6. Auditory integration training and other sound therapies for autism spectrum disorders. Sinha, Yashwant. Silove, Natalie. Wheeler, Danielle M. Williams, Katrina J. Cochrane Developmental, Psychosocial and Learning Problems Group Cochrane Database of Systematic Reviews. 1, 2009.
7. Frymann VM, Carney RE, Springall P. Effect of osteopathic medical management on neurologic development in children. J Am Osteopath Assoc. 1992;92:729–44.
8. Gluten- and casein-free diets for autistic spectrum disorder. Millward, Claire. Ferriter, Michael. Calver, Sarah J. Connell-Jones, Graham G. Cochrane Developmental, Psychosocial and Learning Problems Group Cochrane Database of Systematic Reviews. 1, 2009.
See Also (Topic, Algorithm, Electronic Media Element)
Algorithm: Mental Retardation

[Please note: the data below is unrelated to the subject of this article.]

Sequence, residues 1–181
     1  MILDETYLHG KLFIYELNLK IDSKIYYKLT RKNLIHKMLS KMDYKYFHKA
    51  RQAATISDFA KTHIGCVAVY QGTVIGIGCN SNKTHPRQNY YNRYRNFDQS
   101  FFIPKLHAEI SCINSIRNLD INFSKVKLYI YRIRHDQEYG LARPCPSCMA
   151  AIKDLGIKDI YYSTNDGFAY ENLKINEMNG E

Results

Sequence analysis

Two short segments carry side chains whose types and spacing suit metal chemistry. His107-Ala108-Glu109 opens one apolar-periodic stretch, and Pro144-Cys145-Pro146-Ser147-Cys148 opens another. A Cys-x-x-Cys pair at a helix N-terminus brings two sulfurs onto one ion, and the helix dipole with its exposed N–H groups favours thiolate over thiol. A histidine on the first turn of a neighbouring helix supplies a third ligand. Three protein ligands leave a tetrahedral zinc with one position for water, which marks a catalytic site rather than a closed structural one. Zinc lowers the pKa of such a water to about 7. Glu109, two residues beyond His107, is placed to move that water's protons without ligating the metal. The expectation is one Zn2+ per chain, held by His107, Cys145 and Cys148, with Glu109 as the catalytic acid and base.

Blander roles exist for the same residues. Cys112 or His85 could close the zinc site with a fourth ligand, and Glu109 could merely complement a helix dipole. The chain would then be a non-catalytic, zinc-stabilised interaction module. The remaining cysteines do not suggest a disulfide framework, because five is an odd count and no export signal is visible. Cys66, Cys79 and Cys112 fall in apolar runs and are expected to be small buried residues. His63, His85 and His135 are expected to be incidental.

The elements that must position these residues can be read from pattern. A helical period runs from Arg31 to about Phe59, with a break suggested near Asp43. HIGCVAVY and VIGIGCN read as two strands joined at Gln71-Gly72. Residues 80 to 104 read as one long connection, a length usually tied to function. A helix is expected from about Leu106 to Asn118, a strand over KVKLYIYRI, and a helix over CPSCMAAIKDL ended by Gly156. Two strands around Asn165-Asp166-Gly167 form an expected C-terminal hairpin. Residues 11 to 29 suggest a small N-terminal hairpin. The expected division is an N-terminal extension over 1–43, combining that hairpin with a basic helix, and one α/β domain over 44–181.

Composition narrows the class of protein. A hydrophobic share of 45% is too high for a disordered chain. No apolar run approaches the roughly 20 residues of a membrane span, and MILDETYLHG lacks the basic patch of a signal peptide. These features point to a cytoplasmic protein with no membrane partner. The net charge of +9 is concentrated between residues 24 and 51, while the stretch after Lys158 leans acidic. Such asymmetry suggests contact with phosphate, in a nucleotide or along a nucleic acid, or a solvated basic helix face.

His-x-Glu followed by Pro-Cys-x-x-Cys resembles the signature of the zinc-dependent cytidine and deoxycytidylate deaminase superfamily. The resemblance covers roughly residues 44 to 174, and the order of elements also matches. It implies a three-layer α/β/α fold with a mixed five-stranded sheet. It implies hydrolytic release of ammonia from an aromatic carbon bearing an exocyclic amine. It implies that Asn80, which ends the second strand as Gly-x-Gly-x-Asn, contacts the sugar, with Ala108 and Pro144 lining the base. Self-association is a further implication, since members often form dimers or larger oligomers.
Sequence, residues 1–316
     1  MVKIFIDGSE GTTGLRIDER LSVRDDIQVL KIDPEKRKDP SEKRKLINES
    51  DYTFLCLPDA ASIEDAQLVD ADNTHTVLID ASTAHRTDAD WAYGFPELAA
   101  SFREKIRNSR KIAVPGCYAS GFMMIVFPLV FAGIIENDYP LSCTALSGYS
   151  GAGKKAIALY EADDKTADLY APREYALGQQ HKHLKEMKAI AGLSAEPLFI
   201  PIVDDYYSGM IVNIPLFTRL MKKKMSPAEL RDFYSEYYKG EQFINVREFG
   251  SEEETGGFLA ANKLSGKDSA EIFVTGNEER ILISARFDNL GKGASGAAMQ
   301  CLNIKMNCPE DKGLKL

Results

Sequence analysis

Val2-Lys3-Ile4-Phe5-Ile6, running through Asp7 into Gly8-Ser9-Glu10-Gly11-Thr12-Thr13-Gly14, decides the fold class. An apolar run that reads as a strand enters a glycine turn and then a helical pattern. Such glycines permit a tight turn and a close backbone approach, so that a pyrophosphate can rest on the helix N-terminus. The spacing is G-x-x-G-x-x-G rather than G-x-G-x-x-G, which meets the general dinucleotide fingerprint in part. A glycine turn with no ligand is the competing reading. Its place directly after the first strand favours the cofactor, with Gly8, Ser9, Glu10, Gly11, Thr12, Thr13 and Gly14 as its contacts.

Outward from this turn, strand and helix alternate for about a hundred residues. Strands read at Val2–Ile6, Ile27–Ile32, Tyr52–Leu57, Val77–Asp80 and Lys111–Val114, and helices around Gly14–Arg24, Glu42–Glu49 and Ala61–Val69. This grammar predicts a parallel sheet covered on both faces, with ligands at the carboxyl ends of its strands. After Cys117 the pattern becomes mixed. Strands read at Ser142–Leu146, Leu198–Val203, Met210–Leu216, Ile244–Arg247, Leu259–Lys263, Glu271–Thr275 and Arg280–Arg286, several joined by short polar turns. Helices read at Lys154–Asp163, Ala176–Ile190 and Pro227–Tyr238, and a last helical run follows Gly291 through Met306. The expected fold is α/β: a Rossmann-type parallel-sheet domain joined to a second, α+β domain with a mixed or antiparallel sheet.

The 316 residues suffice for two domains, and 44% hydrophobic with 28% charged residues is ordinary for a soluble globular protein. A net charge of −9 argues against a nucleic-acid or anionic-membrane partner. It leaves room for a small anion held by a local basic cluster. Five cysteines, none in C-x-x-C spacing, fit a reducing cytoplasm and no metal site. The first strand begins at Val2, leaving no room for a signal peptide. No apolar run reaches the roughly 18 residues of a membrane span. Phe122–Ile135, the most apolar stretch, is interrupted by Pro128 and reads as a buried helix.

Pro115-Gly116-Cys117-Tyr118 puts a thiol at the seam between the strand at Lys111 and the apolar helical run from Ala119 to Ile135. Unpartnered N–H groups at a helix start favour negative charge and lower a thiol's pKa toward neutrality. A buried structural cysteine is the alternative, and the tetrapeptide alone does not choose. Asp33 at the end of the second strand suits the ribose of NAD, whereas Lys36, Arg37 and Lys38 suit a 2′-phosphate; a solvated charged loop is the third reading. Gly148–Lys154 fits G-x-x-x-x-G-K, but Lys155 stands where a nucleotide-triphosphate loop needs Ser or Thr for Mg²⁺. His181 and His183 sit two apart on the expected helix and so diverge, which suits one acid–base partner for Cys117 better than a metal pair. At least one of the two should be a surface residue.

- 299.00 Infantile autism, current or active state
- 299.10 Disintegrative psychosis, current or active state
- 299.80 Other specified early childhood psychoses, current or active state
- 299.90 Unspecified childhood psychosis, current or active state
- 330.8 Other specified cerebral degenerations in childhood
- 408856003 Autistic disorder (disorder)
- 71961003 childhood disintegrative disorder (disorder)
- 23560001 Asperger’s disorder (disorder)
- 35919005 pervasive developmental disorder (disorder)
- 68618008 Rett’s disorder (disorder)
ALARM mnemonic from the American Academy of Pediatrics (AAP):
- Autism spectrum disorder is prevalent (screen ALL children between 18–24 months).
- Listen to parents when they feel something is wrong.
- Act early: Screen all children who fall behind in language and social developmental milestones (use early learning to help with evaluation).
- Refer to multidisciplinary teams (speech and language evaluation, genetic screening, social support groups).
- Monitor support for patient and families.